of CHD and stroke have been assessed in several ran-
domized controlled trials.
The objectives of this overview are 2-fold. The first is
to provide a review of the available evidence from
prospective studies for an association between systolic
pressure and risk of CHD, stroke, and end-stage renal
disease (ESRD). The second is to provide the results of a
systematic review of randomized controlled trials of sys-
tolic blood pressure reduction.
Results from several prospective studies indicate that
the association between systolic blood pressure and risk
of CHD, stroke, and ESRD is continuous, graded and
independent. Furthermore, they suggest that the associ-
ation of systolic blood pressure with these outcomes is
stronger than that of diastolic blood pressure. This evi-
dence is summarized in the next three sections.
Coronary heart disease
CHD is the most common blood pressure–related
major clinical complication in the United States and
most other industrialized countries.
only a small number of prospective studies had assessed
the independent effect of systolic blood pressure on risk
Data from a 30-year follow-up of the origi-
The association between blood pressure and risk of
coronary heart disease (CHD) and stroke has been inves-
tigated in many prospective observational studies.
Results from these prospective studies have been com-
bined in several major pooling projects that have
demonstrated that blood pressure is positively, continu-
ously, and independently associated with an increased
risk of CHD and stroke.
In these pooling projects,
however, only diastolic blood pressure was used to
characterize the blood pressure level of an individual.
Likewise, randomized controlled trials have traditionally
concentrated on examining the effects of diastolic
blood pressure lowering on risk of CHD and stroke.
During the past 10 years, several major prospective
studies have indicated that systolic blood pressure is a
more powerful predictor of the risk of cardiovascular
and renal disease than diastolic pressure.
the effects of systolic blood pressure reduction on risk
From the Department of Biostatistics and Epidemiology, Tulane University School of
Public Health and Tropical Medicine.
Reprint requests: Jiang He, MD, PhD, Department of Biostatistics and Epidemiology,
Tulane University School of Public Health and Tropical Medicine, 1430 Tulane Ave,
SL 18, New Orleans, LA 70112-2699. E-mail: firstname.lastname@example.org
Copyright © 1999 by Mosby, Inc.
0002-8703/99/$8.00 + 0 4/0/100201
Elevated systolic blood pressure and risk of
cardiovascular and renal disease: Overview of
evidence from observational epidemiologic studies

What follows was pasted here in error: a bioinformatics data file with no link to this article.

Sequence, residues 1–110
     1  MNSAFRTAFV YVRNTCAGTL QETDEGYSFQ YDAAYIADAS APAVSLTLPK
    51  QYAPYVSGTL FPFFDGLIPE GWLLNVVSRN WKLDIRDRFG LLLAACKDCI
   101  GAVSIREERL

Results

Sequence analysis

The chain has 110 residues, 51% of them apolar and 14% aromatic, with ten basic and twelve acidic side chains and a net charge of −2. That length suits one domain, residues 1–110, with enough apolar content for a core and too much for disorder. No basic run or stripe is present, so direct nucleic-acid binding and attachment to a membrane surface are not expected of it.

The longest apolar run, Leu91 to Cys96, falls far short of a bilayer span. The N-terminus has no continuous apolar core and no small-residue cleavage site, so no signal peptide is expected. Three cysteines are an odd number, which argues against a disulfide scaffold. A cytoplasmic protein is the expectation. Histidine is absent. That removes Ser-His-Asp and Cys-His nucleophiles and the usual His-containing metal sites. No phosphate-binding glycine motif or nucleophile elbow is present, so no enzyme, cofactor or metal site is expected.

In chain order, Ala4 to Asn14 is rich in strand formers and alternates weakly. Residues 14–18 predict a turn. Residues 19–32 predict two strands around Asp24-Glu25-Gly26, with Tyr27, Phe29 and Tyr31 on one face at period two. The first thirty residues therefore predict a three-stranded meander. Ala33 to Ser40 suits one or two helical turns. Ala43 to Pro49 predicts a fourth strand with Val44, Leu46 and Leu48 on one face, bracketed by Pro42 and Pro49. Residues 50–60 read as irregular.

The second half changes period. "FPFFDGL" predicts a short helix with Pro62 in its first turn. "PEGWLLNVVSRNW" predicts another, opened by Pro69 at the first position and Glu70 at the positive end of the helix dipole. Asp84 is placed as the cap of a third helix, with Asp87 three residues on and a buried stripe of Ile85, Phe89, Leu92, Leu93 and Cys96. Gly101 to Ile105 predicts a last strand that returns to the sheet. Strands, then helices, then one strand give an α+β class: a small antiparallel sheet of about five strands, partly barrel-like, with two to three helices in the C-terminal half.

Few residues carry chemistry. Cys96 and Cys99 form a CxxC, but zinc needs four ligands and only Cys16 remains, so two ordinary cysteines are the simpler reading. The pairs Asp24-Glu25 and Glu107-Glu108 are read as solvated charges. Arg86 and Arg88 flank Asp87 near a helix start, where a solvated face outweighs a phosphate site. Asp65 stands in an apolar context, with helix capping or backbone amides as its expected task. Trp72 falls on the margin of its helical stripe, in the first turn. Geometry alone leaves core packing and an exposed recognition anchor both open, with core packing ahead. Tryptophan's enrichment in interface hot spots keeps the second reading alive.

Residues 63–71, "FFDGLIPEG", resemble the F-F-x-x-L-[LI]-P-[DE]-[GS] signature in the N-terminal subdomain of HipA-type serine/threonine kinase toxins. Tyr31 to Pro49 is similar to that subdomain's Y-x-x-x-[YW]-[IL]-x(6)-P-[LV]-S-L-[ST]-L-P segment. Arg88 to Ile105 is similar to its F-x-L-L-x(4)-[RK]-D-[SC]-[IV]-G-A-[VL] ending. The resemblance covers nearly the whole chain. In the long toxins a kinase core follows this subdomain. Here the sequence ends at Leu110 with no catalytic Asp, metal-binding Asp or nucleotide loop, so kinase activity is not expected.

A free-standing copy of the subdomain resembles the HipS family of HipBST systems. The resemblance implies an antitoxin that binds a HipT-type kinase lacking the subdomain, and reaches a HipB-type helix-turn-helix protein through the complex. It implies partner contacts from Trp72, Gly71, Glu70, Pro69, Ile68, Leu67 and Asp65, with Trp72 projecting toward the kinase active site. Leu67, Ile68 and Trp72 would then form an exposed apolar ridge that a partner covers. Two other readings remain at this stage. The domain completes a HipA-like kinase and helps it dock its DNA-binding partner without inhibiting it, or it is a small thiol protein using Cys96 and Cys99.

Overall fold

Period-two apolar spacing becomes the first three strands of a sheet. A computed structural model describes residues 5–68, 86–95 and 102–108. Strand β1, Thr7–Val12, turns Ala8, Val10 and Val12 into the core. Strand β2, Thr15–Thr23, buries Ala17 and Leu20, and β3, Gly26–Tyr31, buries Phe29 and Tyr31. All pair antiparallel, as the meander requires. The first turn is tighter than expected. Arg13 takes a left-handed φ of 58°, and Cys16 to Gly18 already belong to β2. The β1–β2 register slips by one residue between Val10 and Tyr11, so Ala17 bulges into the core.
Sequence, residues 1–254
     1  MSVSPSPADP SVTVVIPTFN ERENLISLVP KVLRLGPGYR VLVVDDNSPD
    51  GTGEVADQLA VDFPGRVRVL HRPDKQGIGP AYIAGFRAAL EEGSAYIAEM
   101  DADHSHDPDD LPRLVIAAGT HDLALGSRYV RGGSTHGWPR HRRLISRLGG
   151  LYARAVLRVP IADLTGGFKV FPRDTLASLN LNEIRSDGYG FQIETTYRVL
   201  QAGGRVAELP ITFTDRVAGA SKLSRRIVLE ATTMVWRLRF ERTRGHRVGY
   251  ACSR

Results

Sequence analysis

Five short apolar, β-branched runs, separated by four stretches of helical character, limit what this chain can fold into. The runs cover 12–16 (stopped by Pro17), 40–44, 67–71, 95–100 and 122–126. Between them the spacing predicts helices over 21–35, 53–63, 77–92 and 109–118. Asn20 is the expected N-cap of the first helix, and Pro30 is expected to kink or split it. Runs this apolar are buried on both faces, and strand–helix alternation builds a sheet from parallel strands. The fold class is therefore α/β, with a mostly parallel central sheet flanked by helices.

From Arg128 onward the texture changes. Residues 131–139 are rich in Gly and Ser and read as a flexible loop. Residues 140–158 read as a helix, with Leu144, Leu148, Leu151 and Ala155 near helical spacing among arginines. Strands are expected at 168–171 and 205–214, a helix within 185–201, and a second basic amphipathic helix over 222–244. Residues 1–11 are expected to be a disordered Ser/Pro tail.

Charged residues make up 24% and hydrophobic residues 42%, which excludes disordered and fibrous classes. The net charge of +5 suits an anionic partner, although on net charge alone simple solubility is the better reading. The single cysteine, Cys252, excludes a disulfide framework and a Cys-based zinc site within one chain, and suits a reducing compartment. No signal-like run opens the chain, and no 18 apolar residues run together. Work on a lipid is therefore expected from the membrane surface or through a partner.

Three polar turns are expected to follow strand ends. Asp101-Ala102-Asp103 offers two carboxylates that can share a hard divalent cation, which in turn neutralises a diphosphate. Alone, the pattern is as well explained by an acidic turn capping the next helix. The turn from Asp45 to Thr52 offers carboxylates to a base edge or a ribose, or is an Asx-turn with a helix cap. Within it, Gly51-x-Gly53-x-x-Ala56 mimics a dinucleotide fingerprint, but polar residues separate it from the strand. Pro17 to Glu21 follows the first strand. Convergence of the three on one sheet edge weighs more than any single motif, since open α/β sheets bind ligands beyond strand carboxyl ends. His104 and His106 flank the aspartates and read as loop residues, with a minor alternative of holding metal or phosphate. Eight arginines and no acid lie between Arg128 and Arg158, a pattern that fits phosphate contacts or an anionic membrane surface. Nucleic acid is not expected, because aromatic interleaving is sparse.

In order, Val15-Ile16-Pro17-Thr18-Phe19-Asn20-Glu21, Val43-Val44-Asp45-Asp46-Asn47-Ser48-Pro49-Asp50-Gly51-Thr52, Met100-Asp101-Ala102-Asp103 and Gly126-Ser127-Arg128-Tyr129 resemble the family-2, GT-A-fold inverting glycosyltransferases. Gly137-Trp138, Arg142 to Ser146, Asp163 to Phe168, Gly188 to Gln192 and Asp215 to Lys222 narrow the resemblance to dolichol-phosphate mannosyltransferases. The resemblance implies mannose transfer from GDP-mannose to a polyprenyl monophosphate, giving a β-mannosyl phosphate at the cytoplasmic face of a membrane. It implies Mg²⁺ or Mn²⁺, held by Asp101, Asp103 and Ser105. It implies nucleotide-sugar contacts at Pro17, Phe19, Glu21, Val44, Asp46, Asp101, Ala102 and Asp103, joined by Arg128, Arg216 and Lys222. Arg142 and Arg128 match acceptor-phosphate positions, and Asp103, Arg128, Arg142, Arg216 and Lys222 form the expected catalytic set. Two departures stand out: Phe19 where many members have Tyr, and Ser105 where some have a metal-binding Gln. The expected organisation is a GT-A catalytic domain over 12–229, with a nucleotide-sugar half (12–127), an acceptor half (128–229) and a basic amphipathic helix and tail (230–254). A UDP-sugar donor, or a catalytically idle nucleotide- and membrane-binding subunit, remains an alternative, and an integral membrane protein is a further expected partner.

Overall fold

and randomized controlled trials
Jiang He, MD, PhD, and Paul K. Whelton, MD, MSc New Orleans, La
The effect of elevated blood pressure on risk of cardiovascular and renal disease has been documented in both observa-
tional epidemiologic studies and clinical trials. However, these studies have traditionally concentrated on diastolic blood
pressure to characterize the risk associated with hypertension. We reviewed evidence from prospective studies and random-
ized controlled trials to quantify the risk associated with systolic blood pressure. Prospective studies and randomized con-
trolled clinical trials that were published in English-language journals were retrieved using MEDLINE, bibliographies, and the
authors’ reference files. All retrieved publications were reviewed and information on sample size, duration, study design,
antihypertensive medication, participant characteristics, and outcomes was abstracted for randomized controlled trials that
reported systolic blood pressure reduction during intervention. Several prospective studies indicate that the association
between systolic blood pressure and risk of coronary heart disease, stroke, and end-stage renal disease is continuous,
graded, and independent. Furthermore, they suggest that the association of systolic blood pressure with these outcomes is
stronger than that of diastolic blood pressure. Pooling of the data available from randomized controlled trials indicates that
an average reduction of 12 to 13 mm Hg in systolic blood pressure over 4 years of follow-up is associated with a 21%
reduction in coronary heart disease, 37% reduction in stroke, 25% reduction in total cardiovascular mortality, and 13%
reduction in all-cause mortality rates. These data indicate that systolic blood pressure is an independent and strong predictor
for risk of cardiovascular and renal disease. (Am Heart J 1999;138:S211-S219.)